Clarion – Review

Greg Hicks in Clarion. Images Simon Annand.
Greg Hicks in Clarion. Images Simon Annand.

Every reporter over a certain age looks back to a golden age of journalism with a certain rose-tinted whimsy.

We remember with fondness the egomaniacs, the tyrants, the eccentrics and the battle-scarred, boozed-up hacks who could regale a bar-room with outlandish stories.

It may be long gone, to be replaced with cheap, ill-experienced juniors straight out of media studies courses, but it has never been forgotten.

Certainly not by former Daily Express, Standard and Guardian hack Mark Jagasia who squirreled away his experiences to use for his stupendous debut play, Clarion, which opened at London’s Arcola Theatre last night.

The audience was packed to the rafters with former colleagues and national newspaper critics who laughed themselves silly (and that’s a rare sight).

To those outside the business they may think Clarion is a scathing satire about gutter journalism but to those in the know..well, we know different.

Greg Hicks & Peter Bourke

The Clarion is Britain’s worst newspaper (though I’d argue the point), led by zenophobic, egotistical, unscrupulous, old school editor Morris Honeyspoon (Greg Hicks, on splendid form).

His method for boosting sales is to feature the same topic – immigration – on its front pages every day for the past year and one poor journo, Joshua, has been given the thankless task of coming up with the stories – whether they’re accurate of not.

Morris thunders into the daily news conferences bearing a Roman Centurion’s helmet which takes pride of place as some sort of pseudo beacon for crusading journalism.

If he doesn’t like a story he sounds a horn; if he doesn’t like the reporter, he’ll blast them with rhetoric or worse.

Everything about Morris is full on as he struts around his little empire. Get a story and stuff the consequences.

Unfortunately one story is set to bite him on the bum. It’s a smoking gun that provides the intrigue amid the chaos and laugh-out-loud comedy.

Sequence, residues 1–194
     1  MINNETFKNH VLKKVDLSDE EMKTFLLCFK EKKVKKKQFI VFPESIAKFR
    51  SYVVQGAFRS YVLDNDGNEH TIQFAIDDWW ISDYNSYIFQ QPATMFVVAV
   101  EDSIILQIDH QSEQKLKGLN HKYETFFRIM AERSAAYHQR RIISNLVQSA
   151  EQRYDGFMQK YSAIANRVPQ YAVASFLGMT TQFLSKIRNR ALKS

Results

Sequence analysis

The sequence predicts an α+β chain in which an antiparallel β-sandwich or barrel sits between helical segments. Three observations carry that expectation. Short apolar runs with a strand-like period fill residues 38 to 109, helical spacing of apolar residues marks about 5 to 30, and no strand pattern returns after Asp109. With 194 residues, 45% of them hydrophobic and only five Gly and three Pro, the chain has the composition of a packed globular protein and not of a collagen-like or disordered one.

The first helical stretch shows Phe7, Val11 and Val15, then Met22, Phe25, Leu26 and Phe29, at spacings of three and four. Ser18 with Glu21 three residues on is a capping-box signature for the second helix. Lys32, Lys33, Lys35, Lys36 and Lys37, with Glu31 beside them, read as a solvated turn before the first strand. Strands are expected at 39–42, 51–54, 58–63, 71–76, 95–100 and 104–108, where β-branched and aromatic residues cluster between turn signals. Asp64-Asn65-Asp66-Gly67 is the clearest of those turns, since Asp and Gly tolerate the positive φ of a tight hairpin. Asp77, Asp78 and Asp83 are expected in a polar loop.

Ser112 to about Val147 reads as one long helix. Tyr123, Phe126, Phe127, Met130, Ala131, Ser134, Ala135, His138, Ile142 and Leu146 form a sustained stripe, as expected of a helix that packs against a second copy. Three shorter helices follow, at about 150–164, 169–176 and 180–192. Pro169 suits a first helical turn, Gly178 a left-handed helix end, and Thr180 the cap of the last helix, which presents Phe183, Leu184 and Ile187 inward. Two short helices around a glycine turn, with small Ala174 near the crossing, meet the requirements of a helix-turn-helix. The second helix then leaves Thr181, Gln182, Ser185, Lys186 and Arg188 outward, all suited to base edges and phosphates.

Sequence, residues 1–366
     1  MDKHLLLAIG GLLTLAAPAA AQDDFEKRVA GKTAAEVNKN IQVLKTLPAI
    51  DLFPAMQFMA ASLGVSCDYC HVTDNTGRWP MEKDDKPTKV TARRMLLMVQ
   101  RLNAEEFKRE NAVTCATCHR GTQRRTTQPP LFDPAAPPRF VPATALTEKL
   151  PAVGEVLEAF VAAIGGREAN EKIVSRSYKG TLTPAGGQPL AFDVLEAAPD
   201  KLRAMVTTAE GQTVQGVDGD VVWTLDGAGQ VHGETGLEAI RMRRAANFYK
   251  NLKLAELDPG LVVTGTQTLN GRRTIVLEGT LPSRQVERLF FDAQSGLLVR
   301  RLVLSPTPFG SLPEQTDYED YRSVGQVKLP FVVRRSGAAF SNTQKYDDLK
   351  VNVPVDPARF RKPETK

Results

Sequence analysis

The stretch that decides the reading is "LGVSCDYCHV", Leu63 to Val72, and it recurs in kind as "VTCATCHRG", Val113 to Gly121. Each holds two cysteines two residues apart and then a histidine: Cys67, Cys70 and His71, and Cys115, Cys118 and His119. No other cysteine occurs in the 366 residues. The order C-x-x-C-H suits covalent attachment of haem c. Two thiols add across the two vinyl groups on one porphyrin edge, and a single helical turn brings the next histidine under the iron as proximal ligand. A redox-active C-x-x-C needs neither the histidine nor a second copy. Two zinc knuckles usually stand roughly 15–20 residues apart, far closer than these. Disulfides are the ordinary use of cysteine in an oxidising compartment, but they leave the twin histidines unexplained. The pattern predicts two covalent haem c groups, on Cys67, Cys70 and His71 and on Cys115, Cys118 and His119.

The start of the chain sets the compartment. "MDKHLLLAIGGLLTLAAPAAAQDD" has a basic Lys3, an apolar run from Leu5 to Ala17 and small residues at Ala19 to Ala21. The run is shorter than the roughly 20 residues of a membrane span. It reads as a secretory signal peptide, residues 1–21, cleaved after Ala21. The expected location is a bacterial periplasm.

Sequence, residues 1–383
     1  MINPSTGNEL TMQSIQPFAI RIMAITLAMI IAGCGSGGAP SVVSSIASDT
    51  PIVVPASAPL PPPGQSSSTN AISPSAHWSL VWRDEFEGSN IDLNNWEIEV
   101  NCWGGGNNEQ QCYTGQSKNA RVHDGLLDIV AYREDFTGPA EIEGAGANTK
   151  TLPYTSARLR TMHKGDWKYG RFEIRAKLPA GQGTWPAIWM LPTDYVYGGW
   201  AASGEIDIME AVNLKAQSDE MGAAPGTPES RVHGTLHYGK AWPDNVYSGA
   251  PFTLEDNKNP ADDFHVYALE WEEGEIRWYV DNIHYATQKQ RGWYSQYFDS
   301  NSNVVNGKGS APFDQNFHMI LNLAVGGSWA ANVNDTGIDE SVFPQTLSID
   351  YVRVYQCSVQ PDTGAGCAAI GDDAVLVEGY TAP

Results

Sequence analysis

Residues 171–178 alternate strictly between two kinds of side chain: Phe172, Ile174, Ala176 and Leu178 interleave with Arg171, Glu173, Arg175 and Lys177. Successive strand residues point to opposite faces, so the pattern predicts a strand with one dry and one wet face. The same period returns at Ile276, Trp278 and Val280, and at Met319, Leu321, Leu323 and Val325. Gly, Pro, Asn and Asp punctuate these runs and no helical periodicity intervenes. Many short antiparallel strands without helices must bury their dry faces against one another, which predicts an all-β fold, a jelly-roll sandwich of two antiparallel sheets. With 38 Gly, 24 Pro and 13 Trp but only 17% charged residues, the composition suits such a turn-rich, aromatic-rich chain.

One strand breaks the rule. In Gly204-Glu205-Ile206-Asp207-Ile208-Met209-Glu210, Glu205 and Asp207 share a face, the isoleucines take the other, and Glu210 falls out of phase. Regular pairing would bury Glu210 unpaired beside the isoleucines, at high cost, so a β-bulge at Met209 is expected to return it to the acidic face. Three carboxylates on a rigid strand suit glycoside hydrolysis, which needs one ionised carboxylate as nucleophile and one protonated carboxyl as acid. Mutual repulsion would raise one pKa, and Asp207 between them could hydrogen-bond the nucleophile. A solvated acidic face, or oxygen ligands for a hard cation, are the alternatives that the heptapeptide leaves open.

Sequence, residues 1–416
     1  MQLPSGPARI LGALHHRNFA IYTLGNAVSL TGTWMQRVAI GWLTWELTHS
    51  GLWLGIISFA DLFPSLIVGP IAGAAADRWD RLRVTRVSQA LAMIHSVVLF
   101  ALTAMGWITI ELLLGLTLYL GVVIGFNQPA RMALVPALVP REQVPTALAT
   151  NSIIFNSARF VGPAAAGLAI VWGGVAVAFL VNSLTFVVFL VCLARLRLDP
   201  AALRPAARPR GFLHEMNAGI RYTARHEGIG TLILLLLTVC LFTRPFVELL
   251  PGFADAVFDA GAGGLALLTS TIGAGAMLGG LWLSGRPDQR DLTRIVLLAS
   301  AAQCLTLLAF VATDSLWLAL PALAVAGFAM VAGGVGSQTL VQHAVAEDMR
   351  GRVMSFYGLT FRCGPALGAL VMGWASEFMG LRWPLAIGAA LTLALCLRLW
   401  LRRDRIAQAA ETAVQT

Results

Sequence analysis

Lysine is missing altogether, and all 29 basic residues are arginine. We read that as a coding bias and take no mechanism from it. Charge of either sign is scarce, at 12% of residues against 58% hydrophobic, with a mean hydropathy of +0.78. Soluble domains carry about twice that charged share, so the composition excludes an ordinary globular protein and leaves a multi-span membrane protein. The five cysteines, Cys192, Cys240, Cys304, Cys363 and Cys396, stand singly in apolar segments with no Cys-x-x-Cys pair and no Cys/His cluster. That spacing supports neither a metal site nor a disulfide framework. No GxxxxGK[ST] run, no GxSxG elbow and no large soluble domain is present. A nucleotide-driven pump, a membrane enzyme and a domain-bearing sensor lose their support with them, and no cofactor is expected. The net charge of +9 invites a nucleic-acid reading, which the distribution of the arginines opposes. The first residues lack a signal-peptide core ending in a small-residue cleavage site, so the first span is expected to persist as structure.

This is a national paper that still retains some of its characters – just. Columnist Verity Stokes limps on. She’s a Kate Adie type who clawed her way up and over colleagues in the newsroom. A veteran of war zones, famines and global disasters with stories to tell.

But integrity and honesty have been replaced over the years by cold hard cynicism and a contempt for young upstarts thinking they can take a short cut to career success.

CLARION 3 Clare Higgins as Verity Stokes Photo Simon Annand

She’s a bit of a cliche. The only woman in a man’s world who has wine for breakfast, vodka for elevenses, and Morris when she’s too puddled to care – oh and a £1,000 a week expenses (blimey).

Who better to play her than Clare Higgins, darling, whose Verity has the patter, the burnt-out demeanour, the final vestiges of a moral code, and a nice line in put-downs.

News editor Albert (Jim Bywater) cares more about his next meal than a front page splash, Joshua (Ryan Wichert) is writing a book when he’s not writing about immigrants, work experience Pritti (Laura Smithers with the most annoying, London patois accent) has no concept of news journalism (so should go far) while management lackey Clive (Peter Bourke) has a hotline to God.

Jagesia’s hugely quotable dialogue is hysterically funny, unerringly astute, and outrageously accurate (though it did seem rather quaint watching Hicks editing paper page proofs with a pencil rather than doing it onscreen).

Greg Hicks is firing on all cylinders as Morris, an editor overflowing with nervous energy, adrenalin or just a fear of failing circulation.

His fingers constantly dance, there’s a twitch on his gaunt face and a mania in his eyes, and you’re constantly waiting to duck the next eruption of bile.

Clarion is a trumpet call to all those other journalists who spend a lifetime writing, or thinking about writing, their novels or plays.

Yes, there are a lot of in-jokes, apposite lines about freedom of the press etc but the broad sweep of the comedy and the knockout performances should guarantee more than just fellow journalists buy tickets.

Mark Jagesia has pulled off a remarkable splash. A headline-grabbing comedy that’s one of the funniest in years. Hold The Front Page, I think this writer has a future.

Clarion runs at the Arcola until May 16 (but hopefully will be looking for a West End transfer).


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